Probably very small at best, but I'm curious…

      • Yeah, it'll probably be years before we know the true cost of that mission.

        My guess: much higher than previously thought. (I know, what powers of prescience!)

  5. "We know we cannot … spend at this kind of level indefinitely," said Stephen Harper while thinking privately to himself, "just until I get voted out of power.. let whoever's after me deal with having to make the cuts"

  6. This conservative is not encouraged. They're going to blow this one.

  7. what is the deficit as a % of GDP?

  8. I believe in publicly stated goals so that progress can be monitored.

    Given that spending/GDP ratio is now reflective of the Diefenbaker era,
    I think that an appropriate next target might be that of Arthur Meighen.

    Onward and downward !

  9. More cuts to programs the Conservatives see as frills, but no cuts to support for sports, I bet. And of course, more prisons – maybe workhouses are next.

  10. The spending number is the only thing they can control…at least outside of transfers, which can be auto stabilizers, or auto spenders. So thats a proper thing to focus on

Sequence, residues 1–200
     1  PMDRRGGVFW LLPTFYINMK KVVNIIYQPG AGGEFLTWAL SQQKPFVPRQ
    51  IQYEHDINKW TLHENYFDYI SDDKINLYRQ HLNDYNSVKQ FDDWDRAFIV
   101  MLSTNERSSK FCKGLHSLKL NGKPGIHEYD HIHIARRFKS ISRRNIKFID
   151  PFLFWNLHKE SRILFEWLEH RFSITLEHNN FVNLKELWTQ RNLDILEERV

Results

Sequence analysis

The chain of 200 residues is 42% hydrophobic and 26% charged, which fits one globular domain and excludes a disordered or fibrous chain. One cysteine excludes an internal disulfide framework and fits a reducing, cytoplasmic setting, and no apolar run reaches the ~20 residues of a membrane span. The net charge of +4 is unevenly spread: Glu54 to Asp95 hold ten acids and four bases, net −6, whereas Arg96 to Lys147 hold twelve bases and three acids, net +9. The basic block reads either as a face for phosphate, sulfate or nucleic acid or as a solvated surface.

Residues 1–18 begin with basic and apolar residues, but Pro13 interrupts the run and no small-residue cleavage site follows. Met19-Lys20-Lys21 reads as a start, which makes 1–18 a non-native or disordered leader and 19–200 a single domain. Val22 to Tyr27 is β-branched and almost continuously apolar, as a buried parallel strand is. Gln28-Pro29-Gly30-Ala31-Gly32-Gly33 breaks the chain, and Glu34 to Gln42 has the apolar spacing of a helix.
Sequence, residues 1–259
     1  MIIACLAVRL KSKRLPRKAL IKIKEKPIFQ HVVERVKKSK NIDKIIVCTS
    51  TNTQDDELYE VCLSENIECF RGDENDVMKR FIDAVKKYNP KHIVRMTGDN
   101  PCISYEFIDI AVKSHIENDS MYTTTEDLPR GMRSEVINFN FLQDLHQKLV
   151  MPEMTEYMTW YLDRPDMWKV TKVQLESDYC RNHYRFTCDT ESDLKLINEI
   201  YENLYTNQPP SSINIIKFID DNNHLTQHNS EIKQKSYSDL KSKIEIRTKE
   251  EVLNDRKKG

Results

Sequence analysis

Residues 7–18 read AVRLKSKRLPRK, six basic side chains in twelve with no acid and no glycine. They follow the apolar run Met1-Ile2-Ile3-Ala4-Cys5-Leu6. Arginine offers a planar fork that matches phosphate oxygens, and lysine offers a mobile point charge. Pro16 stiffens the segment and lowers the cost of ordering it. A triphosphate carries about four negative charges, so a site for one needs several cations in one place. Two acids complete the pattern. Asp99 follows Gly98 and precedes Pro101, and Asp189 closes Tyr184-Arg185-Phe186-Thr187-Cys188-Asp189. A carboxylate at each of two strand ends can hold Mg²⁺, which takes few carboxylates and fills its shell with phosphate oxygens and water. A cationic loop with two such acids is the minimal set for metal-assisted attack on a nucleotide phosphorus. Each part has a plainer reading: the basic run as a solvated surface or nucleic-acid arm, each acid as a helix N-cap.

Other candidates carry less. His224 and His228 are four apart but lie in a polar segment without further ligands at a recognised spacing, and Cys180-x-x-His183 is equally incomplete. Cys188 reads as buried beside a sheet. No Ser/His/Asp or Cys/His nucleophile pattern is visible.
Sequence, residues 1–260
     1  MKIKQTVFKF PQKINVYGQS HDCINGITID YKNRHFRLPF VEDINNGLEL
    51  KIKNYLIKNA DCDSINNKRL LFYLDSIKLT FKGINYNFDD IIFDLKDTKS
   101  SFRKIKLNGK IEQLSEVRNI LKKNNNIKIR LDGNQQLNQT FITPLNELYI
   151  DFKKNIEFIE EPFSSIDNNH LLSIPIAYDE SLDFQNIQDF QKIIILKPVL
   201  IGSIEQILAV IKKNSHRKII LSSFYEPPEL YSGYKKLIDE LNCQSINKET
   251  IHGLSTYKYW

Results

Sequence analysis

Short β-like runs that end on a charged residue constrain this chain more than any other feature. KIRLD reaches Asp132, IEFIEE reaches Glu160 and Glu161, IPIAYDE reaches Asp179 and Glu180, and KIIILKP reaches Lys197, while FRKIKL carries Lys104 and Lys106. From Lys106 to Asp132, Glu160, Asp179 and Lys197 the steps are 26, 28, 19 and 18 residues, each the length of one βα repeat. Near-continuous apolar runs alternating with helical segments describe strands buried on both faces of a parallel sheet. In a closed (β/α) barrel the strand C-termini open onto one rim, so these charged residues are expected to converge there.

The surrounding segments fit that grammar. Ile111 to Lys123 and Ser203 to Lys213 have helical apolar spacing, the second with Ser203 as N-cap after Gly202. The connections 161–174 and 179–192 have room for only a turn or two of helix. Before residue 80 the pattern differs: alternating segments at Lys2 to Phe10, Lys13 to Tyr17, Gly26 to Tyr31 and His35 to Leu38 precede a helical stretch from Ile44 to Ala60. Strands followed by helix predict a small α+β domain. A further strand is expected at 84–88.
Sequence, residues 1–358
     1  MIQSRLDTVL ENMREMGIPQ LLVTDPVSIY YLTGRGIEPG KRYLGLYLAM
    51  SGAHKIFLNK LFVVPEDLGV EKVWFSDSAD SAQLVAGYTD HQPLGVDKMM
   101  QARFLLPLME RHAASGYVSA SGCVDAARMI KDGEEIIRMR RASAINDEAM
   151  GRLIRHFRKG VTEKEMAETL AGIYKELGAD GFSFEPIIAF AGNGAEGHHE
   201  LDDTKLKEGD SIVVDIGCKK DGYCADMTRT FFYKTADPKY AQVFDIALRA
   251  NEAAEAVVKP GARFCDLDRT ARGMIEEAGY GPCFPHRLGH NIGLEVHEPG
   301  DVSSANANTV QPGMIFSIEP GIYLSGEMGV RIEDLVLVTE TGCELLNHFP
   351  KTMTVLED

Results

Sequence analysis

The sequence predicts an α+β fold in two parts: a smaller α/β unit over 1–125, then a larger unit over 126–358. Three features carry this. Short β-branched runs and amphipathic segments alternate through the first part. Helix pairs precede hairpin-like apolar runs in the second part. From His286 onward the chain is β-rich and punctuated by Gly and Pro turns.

3 year projections are notoriously bad. And projections coming out of a recession even worse. It doesnt take much of an underestimation of growth to get rid of the 19 billion structural shortfall 5 years out. A little extra employment cuts EI expense, a little extra GDP growth adds some revenue a decent pace.

    The focus and measurement really does have to be on spending, they need to control that and a year to 18 months out we will have a much better idea about whether we are on a sustained growth track, a double dip or "slowth" (slow growth). Every extra 1 % growth of GDP adds a permanent 2 to 2.5 billion to the revenue base. This deficit isnt impossible and it isnt inevitable without tax increases, control spending where you can and we will see in a year where we are.

    That the Libs have been increasing their talk on spending recently tells me they believe revenue will continue to grow more than expected.